Tornado and Typhoon jets attacked multiple Islamic State positions in west Mosul.
Both Typhoon and Tornado flights operated over Mosul on Thursday the 18th of May and between them conducted three attacks, successfully using Paveway IVs and a Brimstone to target terrorist positions.
The following day, Tornados provided further support to the Iraqi ground forces, despite very challenging conditions as a dust storm raged. Again, a mixture of Brimstones and Paveway IVs were used to engage seven Islamic State positions within the city, including a sniper team and a mortar, despite the Iraqi forces being extremely close to the targets on occasion. In Syria, Typhoons supported the SDF and bombed a group of terrorists caught in the open a few miles to the east of Raqqah.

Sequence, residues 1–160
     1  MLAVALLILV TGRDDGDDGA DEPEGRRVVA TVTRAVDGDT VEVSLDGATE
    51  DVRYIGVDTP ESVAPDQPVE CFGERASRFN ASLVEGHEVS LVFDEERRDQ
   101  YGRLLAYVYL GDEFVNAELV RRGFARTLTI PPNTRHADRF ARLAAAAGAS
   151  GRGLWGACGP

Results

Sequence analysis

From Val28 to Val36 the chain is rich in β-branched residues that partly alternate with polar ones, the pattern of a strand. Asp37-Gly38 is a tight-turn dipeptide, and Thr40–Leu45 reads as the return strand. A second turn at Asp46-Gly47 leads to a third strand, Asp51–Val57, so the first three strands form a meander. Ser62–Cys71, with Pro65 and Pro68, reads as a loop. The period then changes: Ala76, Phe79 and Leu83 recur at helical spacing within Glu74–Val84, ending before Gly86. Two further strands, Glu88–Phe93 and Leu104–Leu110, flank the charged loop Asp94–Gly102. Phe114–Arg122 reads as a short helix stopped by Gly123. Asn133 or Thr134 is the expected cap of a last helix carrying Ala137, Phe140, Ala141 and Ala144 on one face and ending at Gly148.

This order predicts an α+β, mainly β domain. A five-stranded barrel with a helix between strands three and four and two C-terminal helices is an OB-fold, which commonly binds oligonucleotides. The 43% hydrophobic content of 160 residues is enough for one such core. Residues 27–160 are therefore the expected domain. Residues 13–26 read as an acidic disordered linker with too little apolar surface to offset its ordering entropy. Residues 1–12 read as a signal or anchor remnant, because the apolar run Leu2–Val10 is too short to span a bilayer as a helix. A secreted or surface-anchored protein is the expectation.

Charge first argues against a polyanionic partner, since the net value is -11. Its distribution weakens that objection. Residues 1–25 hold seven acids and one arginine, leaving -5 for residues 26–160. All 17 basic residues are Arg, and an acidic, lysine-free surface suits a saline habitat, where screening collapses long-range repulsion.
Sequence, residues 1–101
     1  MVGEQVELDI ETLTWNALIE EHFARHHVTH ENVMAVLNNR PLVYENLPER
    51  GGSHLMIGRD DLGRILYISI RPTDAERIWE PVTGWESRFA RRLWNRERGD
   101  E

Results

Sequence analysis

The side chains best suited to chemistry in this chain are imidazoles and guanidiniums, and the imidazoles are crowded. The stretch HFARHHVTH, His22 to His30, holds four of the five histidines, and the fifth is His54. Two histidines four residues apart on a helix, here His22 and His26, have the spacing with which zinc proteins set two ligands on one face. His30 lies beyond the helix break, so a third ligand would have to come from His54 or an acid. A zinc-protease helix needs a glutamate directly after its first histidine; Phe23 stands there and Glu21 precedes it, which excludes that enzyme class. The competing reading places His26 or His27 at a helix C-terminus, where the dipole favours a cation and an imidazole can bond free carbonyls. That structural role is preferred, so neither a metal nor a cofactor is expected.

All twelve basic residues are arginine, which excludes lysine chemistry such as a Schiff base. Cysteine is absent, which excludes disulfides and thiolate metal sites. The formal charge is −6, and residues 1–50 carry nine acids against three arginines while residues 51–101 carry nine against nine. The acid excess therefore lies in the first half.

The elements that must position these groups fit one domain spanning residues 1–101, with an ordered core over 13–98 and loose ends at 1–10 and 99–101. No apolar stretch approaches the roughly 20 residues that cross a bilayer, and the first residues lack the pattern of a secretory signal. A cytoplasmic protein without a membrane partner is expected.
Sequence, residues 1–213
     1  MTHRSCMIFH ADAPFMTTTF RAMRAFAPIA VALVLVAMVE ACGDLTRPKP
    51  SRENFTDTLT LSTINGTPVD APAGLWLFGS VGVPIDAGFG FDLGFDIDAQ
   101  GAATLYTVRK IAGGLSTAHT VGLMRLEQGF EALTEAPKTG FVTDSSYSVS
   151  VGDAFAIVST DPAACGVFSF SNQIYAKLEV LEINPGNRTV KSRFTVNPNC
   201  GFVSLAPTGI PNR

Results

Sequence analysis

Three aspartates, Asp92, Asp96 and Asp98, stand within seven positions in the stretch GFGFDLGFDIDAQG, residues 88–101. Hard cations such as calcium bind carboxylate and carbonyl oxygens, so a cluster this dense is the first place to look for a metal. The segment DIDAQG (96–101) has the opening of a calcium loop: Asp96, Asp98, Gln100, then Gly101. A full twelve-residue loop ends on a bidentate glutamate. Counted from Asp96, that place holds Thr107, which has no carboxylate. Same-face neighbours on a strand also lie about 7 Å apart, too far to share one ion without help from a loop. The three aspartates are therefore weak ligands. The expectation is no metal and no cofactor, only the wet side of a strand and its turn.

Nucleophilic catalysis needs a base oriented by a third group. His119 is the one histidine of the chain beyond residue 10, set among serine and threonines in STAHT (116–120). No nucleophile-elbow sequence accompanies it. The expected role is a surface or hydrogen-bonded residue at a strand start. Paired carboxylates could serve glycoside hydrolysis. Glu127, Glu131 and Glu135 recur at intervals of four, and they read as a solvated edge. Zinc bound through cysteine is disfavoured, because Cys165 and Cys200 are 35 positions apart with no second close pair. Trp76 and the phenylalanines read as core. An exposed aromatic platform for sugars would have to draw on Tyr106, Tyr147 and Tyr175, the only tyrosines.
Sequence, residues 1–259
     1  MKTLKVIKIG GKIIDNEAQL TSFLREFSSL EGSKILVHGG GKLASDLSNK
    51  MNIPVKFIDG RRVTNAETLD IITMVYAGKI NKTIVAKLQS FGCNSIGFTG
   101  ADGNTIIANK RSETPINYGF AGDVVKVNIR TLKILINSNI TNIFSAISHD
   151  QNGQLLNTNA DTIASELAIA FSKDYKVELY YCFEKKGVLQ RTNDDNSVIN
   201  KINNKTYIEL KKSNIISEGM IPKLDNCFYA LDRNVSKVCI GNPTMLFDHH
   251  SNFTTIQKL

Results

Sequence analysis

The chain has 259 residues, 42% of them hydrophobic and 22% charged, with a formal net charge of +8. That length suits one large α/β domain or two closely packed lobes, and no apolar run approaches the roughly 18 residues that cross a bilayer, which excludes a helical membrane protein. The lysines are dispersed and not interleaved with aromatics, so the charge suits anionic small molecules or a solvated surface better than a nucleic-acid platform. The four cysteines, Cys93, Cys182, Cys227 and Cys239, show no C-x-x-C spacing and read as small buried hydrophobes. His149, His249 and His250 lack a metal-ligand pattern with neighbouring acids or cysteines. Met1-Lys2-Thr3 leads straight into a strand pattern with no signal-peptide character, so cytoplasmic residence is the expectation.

What is the current status of the air campaign?
In December 2016, it was reported that the Royal Air Force is operating at its most intense for 25 years in a single theatre of operation which far outstripped the UK involvement in Iraq and Afghanistan – RAF jets have dropped 11 times more bombs (1,276 strikes) on Syria and Iraq in the preceding 12 months than they had in the busiest year of action in Afghanistan a decade previously.
The cost of the operations against Islamic State and other details of the campaign were revealed in a briefing paper. In March 2015 the MoD confirmed that the net additional costs of the military air operation would be met from the Treasury Special Reserve; while the costs of training and equipping the Iraqi and Kurdish security forces, and the provision of key enablers, would be met from the MOD’s Deployed Military Activity Pool (DMAP).
In answer to a parliamentary question in September 2016 the MoD set the costs of the operation, between August 2014 and the 31st of March 2016, at £265 million (£45 million in the 2014-15 financial year, and £220 million in the 2015-16 financial year).